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Pasteur effect[pa′stər i‚fekt]
a slowing or complete cessation of alcoholic fermentation in the presence of oxygen; first observed by L. Pasteur. The effect also occurs in animals and plant tissues, where O2 inhibits anaerobic glycolysis.
The Pasteur effect involves the transition from anaerobic glycolysis (fermentation) to respiration (the consumption of O2) in the presence of O2, and its significance lies in the fact that the cells switch to a more economical mode of obtaining energy. For a given substrate, approximately 20 times as much energy is extracted during respiration as during fermentation. As a result, the rate of utilization of the substrate, for example, glucose, decreases in the presence of O2. The molecular mechanism of the Pasteur effect apparently consists in the competition between respiration and fermentative glycolysis for adenosine disphosphate (ADP), which is used to form adenosine triphosphate (ATP).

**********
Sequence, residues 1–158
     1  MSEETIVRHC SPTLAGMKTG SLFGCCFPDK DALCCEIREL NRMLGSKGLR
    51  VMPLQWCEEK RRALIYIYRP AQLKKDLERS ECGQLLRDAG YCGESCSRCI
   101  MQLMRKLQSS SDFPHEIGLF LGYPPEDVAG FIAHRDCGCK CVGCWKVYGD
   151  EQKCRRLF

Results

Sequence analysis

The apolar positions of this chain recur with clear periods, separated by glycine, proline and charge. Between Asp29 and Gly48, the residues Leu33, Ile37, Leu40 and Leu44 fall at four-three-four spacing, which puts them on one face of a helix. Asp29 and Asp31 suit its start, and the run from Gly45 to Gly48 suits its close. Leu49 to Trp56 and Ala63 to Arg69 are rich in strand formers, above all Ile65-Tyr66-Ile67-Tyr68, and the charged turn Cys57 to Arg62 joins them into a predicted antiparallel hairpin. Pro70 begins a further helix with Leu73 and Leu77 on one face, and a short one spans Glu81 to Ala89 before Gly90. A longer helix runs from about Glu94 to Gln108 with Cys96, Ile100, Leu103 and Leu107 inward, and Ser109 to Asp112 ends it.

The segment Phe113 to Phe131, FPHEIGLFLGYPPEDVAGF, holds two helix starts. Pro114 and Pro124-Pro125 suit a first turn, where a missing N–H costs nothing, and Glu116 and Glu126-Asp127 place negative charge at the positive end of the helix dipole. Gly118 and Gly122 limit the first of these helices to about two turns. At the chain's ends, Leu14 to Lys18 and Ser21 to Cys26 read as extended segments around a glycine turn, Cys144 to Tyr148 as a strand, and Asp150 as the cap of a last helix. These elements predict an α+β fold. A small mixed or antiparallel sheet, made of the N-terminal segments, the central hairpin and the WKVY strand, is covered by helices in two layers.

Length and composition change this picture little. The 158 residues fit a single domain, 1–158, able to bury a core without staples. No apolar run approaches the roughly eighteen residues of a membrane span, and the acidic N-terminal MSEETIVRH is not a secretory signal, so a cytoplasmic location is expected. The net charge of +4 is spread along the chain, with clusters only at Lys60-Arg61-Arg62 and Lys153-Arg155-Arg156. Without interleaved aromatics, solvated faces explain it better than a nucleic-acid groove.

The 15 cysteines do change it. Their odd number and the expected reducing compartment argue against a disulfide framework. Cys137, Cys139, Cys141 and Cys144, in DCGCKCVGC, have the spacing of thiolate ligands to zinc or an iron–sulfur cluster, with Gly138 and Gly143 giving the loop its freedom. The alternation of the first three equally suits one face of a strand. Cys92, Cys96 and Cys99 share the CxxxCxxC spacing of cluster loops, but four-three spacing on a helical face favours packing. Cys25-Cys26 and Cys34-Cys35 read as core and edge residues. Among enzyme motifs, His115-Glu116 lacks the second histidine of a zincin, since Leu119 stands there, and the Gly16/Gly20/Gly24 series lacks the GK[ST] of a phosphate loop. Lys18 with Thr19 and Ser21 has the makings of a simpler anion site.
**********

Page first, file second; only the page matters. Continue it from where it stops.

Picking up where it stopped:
REFERENCESBiokhimiia rastenii. Moscow, 1968. Chapter 10. (Translated from English.)
Schlegel, H. Obshchaia mikrobiologiia. Moscow, 1972. Chapter 8. (Translated from German.)